BIROn - Birkbeck Institutional Research Online

    Exploring the accessibility of sport stadia for people with disability: towards the development of a Stadium Accessibility Scale (SAS)

    Kitchin, Paul and Paramio-Salcines, J.L. and Darcy, S. and Walters, Geoff (2022) Exploring the accessibility of sport stadia for people with disability: towards the development of a Stadium Accessibility Scale (SAS). Sport, Business and Management: An International Journal 12 (1), pp. 93-116. ISSN 2042-678X.

    [img]
    Preview
    Text
    47342a.pdf - Author's Accepted Manuscript
    Available under License Creative Commons Attribution Non-commercial.

    Download (247kB) | Preview

    Abstract

    The aim of this paper is to synthesise existing literature on sports stadia, spectators with disabilities (SwD), and accessibility to identify themes and to highlight the gaps in the literature. This review subsequently develops two propositions that will enable research in this emerging area to further develop. The research was guided by two research questions: first, what does the peer reviewed evidence tell us about spectators with disability (SwD) and the accessibility of sporting stadia? Second, how can this information be used to develop a Stadium Accessibility Scale (SAS)? The authors conducted a rapid review of the literature across three databases that identified 34 papers for synthesis. Synthesis revealed three research themes: a focus on legislative compliance, the need to enhance resources (both physical and human); and research that focuses on moving beyond the stadium experience. The latter can be sub-divided into two streams – studies that look at accessibility as a social legacy of major events, and studies that seek to understand the whole journey that SwD’s must make to attend sport events. The study makes two key recommendations. The first is to encourage further research aligned to the HOPES framework (Paramio-Salcines et al., 2018) that explicitly recognises the importance of understanding the broader approach to the customer experience. The second is the need for the development and validation of a reliable SAS. Greater accessibility provides a foundation for inclusive environments in sport. The findings are relevant for all stakeholders in sport as universal accessibility benefits more than people with disabilities.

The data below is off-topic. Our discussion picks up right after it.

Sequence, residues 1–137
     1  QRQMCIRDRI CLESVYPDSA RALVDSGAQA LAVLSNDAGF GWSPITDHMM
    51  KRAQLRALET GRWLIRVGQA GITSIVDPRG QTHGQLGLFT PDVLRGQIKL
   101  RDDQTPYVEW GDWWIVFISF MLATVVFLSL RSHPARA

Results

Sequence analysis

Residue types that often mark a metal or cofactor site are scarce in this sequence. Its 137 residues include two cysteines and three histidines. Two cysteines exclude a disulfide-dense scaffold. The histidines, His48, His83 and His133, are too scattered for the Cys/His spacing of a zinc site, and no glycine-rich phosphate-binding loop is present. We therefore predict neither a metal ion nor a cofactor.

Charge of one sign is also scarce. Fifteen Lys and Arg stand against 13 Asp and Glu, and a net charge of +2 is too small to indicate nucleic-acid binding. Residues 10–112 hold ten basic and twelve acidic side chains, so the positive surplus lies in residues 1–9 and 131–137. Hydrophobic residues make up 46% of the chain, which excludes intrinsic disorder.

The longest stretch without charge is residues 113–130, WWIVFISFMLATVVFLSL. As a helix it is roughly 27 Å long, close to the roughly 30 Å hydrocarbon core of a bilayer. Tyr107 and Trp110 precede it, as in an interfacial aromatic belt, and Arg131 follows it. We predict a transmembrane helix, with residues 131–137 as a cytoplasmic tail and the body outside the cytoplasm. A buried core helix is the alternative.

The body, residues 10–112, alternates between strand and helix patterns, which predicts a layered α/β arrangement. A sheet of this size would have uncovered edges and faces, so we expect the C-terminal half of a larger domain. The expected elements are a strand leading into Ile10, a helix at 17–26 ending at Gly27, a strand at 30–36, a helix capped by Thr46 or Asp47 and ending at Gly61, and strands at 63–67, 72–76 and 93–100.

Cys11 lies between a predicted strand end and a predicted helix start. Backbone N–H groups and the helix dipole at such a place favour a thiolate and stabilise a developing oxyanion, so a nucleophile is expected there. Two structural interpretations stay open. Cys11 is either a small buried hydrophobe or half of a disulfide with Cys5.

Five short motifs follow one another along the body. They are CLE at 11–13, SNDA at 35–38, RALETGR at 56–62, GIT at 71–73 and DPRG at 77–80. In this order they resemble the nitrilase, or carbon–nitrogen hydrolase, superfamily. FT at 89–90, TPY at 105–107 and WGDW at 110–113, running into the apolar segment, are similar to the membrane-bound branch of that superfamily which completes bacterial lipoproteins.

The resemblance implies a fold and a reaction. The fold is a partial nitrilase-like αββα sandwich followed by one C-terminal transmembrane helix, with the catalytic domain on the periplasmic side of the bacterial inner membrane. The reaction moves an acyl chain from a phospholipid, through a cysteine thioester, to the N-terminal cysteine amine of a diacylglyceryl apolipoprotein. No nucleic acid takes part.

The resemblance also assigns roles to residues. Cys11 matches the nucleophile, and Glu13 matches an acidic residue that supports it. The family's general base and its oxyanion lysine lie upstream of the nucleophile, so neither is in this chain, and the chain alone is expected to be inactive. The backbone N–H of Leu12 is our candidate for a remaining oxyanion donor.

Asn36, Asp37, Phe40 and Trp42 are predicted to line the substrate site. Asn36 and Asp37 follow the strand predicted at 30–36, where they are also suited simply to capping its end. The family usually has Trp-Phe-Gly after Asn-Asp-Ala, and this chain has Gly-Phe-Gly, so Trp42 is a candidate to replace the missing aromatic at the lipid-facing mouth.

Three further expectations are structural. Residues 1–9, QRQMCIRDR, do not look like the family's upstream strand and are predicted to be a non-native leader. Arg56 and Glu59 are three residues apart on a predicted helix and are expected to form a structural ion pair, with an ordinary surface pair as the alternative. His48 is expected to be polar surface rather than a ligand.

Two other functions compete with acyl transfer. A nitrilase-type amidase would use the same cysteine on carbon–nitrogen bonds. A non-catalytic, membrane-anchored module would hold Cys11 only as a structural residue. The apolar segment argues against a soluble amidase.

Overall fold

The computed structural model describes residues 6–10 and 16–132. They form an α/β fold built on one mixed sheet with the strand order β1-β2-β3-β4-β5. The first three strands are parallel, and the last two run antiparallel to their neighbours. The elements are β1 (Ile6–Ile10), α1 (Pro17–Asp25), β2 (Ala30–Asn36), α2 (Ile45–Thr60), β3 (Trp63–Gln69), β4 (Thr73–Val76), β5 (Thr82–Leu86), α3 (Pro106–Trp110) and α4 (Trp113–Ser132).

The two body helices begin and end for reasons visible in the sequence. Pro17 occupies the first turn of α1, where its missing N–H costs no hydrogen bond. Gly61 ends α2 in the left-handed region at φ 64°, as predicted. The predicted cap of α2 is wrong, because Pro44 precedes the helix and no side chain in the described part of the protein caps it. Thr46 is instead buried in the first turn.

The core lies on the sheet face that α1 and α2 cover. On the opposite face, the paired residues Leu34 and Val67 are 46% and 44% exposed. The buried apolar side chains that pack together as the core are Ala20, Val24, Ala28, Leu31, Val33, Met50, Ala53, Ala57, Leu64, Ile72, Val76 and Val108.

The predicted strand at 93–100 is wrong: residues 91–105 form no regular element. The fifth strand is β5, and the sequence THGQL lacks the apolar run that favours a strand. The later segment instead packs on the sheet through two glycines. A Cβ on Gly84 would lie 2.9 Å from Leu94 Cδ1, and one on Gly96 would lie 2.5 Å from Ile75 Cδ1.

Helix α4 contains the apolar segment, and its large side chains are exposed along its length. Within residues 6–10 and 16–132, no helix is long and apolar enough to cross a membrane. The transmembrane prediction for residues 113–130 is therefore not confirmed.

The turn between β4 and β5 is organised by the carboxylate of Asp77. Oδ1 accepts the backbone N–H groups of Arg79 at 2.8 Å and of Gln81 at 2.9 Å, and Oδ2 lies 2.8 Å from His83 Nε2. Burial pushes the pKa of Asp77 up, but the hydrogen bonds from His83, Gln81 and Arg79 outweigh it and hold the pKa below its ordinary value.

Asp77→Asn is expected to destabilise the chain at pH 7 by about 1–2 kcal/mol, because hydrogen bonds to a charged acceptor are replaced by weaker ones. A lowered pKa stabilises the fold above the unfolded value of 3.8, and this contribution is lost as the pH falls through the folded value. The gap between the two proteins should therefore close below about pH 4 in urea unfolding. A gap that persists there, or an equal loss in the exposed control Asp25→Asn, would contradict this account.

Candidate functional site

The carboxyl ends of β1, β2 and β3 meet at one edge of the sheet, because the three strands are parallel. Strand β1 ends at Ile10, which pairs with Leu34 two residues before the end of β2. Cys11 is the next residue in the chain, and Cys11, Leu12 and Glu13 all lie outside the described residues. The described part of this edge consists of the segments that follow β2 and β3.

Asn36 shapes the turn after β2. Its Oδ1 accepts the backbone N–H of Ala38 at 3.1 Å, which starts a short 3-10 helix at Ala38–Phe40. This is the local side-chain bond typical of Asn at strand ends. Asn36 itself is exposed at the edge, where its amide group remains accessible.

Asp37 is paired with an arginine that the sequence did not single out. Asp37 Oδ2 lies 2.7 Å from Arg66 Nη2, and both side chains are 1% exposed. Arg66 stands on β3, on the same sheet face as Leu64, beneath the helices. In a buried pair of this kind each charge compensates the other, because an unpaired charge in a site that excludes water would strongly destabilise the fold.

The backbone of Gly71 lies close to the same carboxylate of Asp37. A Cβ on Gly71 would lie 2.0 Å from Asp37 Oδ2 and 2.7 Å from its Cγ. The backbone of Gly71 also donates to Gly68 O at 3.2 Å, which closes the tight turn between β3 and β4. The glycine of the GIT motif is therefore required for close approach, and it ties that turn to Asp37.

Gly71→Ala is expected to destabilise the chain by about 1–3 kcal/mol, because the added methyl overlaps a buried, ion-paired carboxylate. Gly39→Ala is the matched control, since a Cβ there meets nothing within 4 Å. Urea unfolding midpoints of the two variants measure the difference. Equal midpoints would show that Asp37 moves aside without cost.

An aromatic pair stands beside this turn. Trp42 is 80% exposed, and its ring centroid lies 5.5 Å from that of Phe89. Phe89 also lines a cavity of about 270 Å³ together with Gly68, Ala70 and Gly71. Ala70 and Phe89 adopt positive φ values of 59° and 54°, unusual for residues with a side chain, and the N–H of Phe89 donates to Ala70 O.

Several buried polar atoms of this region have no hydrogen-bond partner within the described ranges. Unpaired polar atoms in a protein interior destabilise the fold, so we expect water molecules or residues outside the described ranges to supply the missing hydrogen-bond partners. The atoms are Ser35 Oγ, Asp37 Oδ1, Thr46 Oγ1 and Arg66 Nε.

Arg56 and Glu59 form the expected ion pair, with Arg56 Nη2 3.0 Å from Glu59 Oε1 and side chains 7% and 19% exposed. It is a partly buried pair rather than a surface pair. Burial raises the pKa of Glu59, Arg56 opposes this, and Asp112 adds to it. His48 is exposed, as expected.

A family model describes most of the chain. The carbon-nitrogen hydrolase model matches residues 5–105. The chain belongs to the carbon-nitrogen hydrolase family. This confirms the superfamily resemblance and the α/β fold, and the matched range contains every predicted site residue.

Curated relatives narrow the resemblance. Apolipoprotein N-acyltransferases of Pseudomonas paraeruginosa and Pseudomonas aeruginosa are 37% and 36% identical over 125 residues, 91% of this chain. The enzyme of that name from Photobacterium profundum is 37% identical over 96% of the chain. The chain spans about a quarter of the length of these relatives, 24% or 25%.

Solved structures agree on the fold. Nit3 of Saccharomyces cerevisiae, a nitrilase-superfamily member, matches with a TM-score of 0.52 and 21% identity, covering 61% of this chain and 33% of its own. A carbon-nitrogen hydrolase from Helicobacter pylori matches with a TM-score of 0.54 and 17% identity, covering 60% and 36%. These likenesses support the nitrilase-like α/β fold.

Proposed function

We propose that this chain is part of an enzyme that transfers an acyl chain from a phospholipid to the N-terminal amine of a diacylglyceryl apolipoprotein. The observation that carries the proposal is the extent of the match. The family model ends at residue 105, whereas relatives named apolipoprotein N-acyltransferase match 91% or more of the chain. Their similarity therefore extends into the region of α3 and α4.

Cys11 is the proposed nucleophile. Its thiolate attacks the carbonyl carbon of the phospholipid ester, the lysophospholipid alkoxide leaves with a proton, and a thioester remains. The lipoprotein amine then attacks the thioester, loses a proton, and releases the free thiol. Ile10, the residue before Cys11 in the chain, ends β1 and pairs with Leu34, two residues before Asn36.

Metadata

    Item Type: Article
    School: School of Business, Economics & Informatics > Management
    Research Centres and Institutes: Birkbeck Sport Business Centre
    Depositing User: Geoff Walters
    Date Deposited: 14 Mar 2022 14:32
    Last Modified: 16 Mar 2022 11:32
    URI: https://eprints.bbk.ac.uk/id/eprint/47342

    Statistics

    Activity Overview
    6 month trend
    35Downloads
    6 month trend
    35Hits

    Additional statistics are available via IRStats2.

    Archive Staff Only (login required)

    Edit/View Item Edit/View Item